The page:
Peter Tahourdin (born in 1928) studied with Richard Arnell at Trinity College
of Music, London. Settling in Australia in 1964, he became visiting composer
to the University of Adelaide. There, five years later, Tahourdin established
the first practical course in electronic music in Australia. In 1973, he
was appointed lecturer in composition at the University of Melbourne's Faculty
of Music. The earliest piece in Peter Tahourdin's current catalogue of works
is the Sinfonietta no1 of 1952. This was followed by a second Sinfonietta
in 1959. Both these attractive, well-crafted light orchestral works are still
available on hire from Peters Edition. He wrote his first symphony in England
in 1960. This closely-argued and immensely enjoyable tonal symphony proved
the composer's natural gifts as a symphonist. Indeed, he has written four
more examples in the genre (1969, 1979, 1987 and 1994). All have received
performances with the exception of the fifth which is still awaiting its
premiere. They constitute important markers in the composer's career and
deserve wider dissemination through performances, broadcasts and recordings.
His other compositions range from orchestral to choral, stage works (including
a one-act opera, "Inside Information" (1955) and a one-act ballet, "Illyria"
(1965)), electronic pieces, instrumental works, pieces for tape and educational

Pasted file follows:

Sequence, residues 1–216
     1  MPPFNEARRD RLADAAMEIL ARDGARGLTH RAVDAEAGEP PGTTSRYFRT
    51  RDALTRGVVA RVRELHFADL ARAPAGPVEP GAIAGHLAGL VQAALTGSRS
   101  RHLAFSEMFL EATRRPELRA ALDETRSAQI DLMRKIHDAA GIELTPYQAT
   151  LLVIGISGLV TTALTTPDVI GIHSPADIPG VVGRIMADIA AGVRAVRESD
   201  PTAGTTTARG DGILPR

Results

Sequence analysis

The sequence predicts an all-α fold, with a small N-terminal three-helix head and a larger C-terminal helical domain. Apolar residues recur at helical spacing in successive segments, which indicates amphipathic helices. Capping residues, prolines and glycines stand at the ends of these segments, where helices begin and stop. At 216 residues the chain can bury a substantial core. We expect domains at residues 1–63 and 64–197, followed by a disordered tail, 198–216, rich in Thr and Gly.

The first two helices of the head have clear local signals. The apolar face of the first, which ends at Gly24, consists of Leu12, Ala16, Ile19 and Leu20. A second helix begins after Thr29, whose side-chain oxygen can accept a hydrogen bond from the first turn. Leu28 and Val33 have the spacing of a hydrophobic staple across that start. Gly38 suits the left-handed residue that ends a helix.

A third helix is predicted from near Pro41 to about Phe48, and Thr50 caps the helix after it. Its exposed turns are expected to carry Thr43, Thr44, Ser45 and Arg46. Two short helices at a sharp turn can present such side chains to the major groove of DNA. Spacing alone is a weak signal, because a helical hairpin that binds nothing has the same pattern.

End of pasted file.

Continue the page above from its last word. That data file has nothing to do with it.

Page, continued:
works (including a one-act opera for children, Parrot Pie (1973). Scores
and performance material of the compositions of Peter Tahourdin may be obtained
from the Australian Music Centre PO Box N690, Grosvenor Place, NSW 1220,
Australia Tel: 61-2-9247 4677 or Fax: 61-2-9241 2873.
This CD includes an impressive cross-section of his chamber pieces covering
a span of 24 years. All the works assembled on the disc are strongly argued,
demanding and repaying repeated hearing. The language is atonal and sometimes
uncompromisingly tough but the musical arguments are not difficult to follow.
They merely require concentrated listening. The CD includes two attractive
vocal works (Raga Music 1 of 1985, an exotically scored creative interpretation
of Gerard Manley Hopkins' "The Starlight Night" and Songs of Love and Fortune,
a vibrant 1992 setting of five poems from the Carmina Burana). The purely
instrumental works are tougher nuts to crack but the idiomatic writing bespeaks
musicianship of the highest order. The two atmospheric pieces from the Raga
music series are based structurally on the slowly unfolding raga of North
Indian classical music. The two dialogues take the form of a discussion between
two musicians, including virtuosic cadenza-like episodes for both players
at the climax of each piece.
An appetising entrée to the music of Peter Tahourdin, this CD has
made me want to hear his works for larger forces (the five symphonies in
particular) in modern digital recordings of the calibre of the present release.
At over 70 minutes' duration, the disc is well filled and the performances
are all imaginative and reveal considerable interpretative insight, especially
Jeannie Marsh in the taxing soprano part of "The Starlight Night". Recommended
with enthusiasm as a rare opportunity to sample the individual soundworld
of a composer who has been sadly and unjustly neglected by the musical
establishment in the country of his birth.